“I want to buy from you, but the rest of the committee doesn’t.”
The words struck fear and dread in my heart. I was hoping to close the biggest sale I’d ever made, but when I called expecting to hear that the PO was on the way, instead I heard:
“I want to buy from you, but the rest of the committee doesn’t.”
“What committee?” I stammered.
“The other four professors. The rest of the purchasing committee,” came the reply.
“I didn’t know there was a committee,” I blurted out, incredulity infecting my voice.
“Well, you never asked. I just assumed you knew.”
This was the first I had heard about any committee. What the heck was I going to do now?
This was back in the early 80’s. At the time, I was working for a company that made extremely sophisticated scientific equipment. One of the instruments they made was something called an x-ray spectrophotometer. This thing attached to an electron microscope and analyzed the chemical composition of microscopic samples. It cost $134,000, which was a lot of money back then (and still is!).
I had been working on a sale to a professor of metallurgy at a large university in Vancouver. We’ll call him Dr. Rock. My company’s instrument was fairly new on the market, and had clearly superior technology to the competition – something that Dr. Rock and his technician agreed upon. The company had only installed two of these instruments to date, so it would mean a lot to the company if we made the sale, and it would certainly help my reputation as a salesperson.
I assisted Dr. Rock in writing an RFP, with the specs weighted in our favour, of course. He made his submission for funds, which were approved a couple of months later. To celebrate, I took him out for lunch – a lovely little bistro called The Frog and Peach. That was on a Thursday, and I enquired as to when we might expect a purchase order. He replied that they would be ratifying the decision by Tuesday of the next week.
As it happened, I had arranged a business trip to Winnipeg that following week. I didn’t want to jeopardize the sale, so I asked Dr. Rock if I should postpone the trip in case he needed me for anything. He assured me everything was in order, that I needn’t postpone, and that I should phone and check in with him on the Tuesday.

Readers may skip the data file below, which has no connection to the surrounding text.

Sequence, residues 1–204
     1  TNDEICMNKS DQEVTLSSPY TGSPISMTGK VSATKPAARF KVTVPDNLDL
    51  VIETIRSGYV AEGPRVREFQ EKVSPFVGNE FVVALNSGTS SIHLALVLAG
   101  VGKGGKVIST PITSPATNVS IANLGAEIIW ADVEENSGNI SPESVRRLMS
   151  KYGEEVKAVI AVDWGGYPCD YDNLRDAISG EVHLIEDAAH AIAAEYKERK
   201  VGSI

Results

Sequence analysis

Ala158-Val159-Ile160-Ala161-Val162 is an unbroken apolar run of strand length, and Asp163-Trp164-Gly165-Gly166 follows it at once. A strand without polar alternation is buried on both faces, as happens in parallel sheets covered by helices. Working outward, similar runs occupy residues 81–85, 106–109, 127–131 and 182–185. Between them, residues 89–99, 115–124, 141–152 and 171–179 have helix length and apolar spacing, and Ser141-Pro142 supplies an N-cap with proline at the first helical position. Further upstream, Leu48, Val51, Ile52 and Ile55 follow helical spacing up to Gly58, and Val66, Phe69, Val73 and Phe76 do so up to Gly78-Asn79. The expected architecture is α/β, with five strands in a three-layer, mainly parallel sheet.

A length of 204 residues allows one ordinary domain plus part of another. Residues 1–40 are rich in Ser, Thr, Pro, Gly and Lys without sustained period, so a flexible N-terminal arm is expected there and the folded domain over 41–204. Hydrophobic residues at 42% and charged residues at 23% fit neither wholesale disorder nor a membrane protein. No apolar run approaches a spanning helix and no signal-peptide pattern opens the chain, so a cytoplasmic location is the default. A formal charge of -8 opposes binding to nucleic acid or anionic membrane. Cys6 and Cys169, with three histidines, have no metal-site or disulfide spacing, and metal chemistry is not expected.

So off I went to Winnipeg on the Sunday night. However, when I awoke on Monday, my instincts were bristling. Something just didn’t feel right, and by lunchtime I was feeling decidedly nervous. I put in a call to Dr. Rock, and was told that he was in a meeting. I called again at the end of the day and managed to reach him. That was when I heard the dreaded words, and discovered that there was a committee involved.
It transpired that the committee was composed of five professors who would all be using the instrument. Dr. Rock would be the “owner”, but everyone wanted to have input into the decision. Dr. Rock had assumed that I had been talking and selling to the other committee members as well. I hadn’t, but my competition apparently had!
Scrambling to think of what I could do to rescue the situation, I asked if he would be able to get the committee together later in the week and stall any decision until then. He promised to give it the old college try (pun intended!).
In the meantime, I called the company manager responsible for the instrument division. Fortunately, I had taken the time to develop a relationship with him, and he made the commitment to fly up to Vancouver, together with his head of engineering, to make a presentation to the committee.
The next morning, Dr. Rock told me he had persuaded the committee to defer the decision until we had the chance to present to them, so long as we could get there that week. I got myself on the next flight back to Vancouver, and my colleagues flew up from Tennessee to meet up with me that evening.
We went in the next day and after two hours of presenting to the committee, they made the decision to go with us. Result? Dr. Rock was happy, the company manager and head of engineering were ecstatic, and I made Salesperson of the Year.
It all turned out well in the end, but there were two very valuable lessons that came out of this experience for me:
- Build relationships with your company resources before you need them. I doubt very much that I would have gotten the cooperation I did if I hadn’t already built those relationships.
- Just because you are selling to the decision maker, never assume that there won’t be other influencers involved. Always, always, always ask: “Who else will be involved in making this decision with you?” If you do that, you won’t ever have to hear those dreaded words yourself!
Ed. Thanks to Derrick for this valuable lesson. He kindly allowed me to add a postscript.
Throughout The HUB, you will find many references to Probing, the sales skill of asking the right questions at the right time and listening to answers, and asking again and asking right up until you have the order. The ASPEC sales productivity app emphasizes this skill, as well, and prompts the user to get the information.
ASPEC has another mode called Expert that includes a “sales environment” that actually lists the decision-makers you need to contact and, if you don’t, prompts you to.
Sounds like Derrick could have used this.
One other thing, if you were the competition and keeping on top of this, the one-week delay should have set off all kinds of alarms and had you scrambling for information and a new strategy.
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